Workplace Safety Programs: Beyond the Pizza Party

Workplace Safety Programs: Beyond the Pizza Party

Jude Carter

By, Jude Carter on Tuesday February 07, 2017

It starts out with the best of intentions:  a new year and a renewed focus on creating a culture of safety. The goal is to build awareness around maintaining a safe work environment and preventing workplace accidents. You kicked off the program with a launch party. There seemed to be a lot of buzz ̶  though maybe that was more about the pizza and the talk of gift cards for reaching your goals. But then what? All too often workplace safety programs die on the vine.

There’s a big difference between building a culture of safety awareness and launching a safety program. When safety is an accepted part of the culture, it becomes part of why people do what they do. Whereas a program is focused more on what people do. To be most effective, you need both. Culture change takes time and is harder to measure. Building a program that is tied to measurable objectives may seem more doable.

As a safety professional, it’s your job to prevent and eliminate injury and illness and reinforce compliance. You know your industry and your environment. When developing your safety program, the easy part is identifying which safety issues you need to enforce. You have the data to determine which KPIs will drive success.

The hard part is creating a sustainable program that drives employee engagement and keeps safety top of mind across the whole organization. Communication is the essential element for program success. And yet, given the daily challenges that occupational health and safety professionals face, it’s no wonder that communication takes a back seat. Consider these tips for improving your workplace safety program.


5 Tips for Creating a Sustainable Safety Program


1. Look to leadership. It starts with a commitment from leadership. Where does safety fit into the company strategy and culture? Look to your leadership for guidance on strategic goals that are impacted by safety. Whether it’s a town hall meeting or a CEO address, your workers need to know that safety performance is top of mind to your executives.

2. Get the word out. You have more options than ever for getting workers’ attention. Don’t limit yourself to safety posters and signs. Electronic message boards, company intranets, newsletters and social apps like Yammer and Slack can help to educate, reinforce and recognize your efforts.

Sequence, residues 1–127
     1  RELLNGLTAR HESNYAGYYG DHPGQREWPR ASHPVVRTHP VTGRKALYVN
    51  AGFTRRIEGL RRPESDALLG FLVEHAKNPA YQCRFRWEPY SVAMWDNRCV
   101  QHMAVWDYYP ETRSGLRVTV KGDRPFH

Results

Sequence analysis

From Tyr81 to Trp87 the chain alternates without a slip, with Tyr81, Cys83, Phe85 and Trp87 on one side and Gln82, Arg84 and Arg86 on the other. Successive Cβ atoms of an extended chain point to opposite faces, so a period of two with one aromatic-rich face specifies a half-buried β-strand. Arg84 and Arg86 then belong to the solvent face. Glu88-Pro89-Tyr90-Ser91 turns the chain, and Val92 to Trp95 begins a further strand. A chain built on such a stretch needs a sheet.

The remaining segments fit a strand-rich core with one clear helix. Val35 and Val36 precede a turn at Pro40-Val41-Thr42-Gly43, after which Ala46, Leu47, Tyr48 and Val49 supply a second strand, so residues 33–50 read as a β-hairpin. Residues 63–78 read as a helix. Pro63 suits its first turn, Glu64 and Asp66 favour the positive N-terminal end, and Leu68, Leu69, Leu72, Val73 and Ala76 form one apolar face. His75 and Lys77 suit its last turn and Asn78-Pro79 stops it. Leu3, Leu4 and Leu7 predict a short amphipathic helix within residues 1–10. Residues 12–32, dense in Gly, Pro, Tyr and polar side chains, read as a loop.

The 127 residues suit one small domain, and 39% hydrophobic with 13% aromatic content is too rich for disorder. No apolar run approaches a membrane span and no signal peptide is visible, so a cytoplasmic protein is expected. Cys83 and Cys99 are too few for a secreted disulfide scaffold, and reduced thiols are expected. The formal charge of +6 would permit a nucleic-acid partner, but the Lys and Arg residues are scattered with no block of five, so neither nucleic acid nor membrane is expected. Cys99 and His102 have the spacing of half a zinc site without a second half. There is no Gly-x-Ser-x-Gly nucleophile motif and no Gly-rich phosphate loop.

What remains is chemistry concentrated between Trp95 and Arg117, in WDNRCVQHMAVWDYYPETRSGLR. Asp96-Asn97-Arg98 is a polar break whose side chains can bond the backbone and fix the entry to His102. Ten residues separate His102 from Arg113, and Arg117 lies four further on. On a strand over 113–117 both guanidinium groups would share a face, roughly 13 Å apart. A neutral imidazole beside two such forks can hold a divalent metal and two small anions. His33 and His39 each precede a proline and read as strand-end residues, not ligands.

3. Keep it visual. Leverage the power of visual communication with workplace digital signage. Use the screens to announce and promote your safety program, reinforcing your goals.  Post safety videos, auto-counters for safety recordables, health and wellness tips, pictures of employees “caught in the act” of being safe, quizzes that reinforce safety tips and more.

4. Reach out. It’s okay to ask for help. You know your stuff when it comes to safety, but maybe you could really use some help with communication. Find out who runs your electronic message boards and ask to contribute safety content each month. Who writes the newsletter? Let them know you want to showcase this month’s safety winners. Do you have quarterly town hall meetings? Find out how safety (and the status of your program’s success) can be on the agenda. Enlist employees to capture pictures or videos of “safety don’ts. Post them on digital signage to reinforce awareness.

5. Celebrate Success. Make sure everyone knows what success looks like for your workplace safety program. Throughout the year, you may be focusing on different goals. Whether it’s hazard spotting, safe driving records or emergency preparedness, employees need to understand how performance will be measured. Be clear about the rules of the game and build a reward component into your program. Celebrate success for individuals, departments or shifts. Capture the moment in pictures and videos. Gift cards are a universal way to say thank you. And, of course, there’s always pizza.

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Thanks!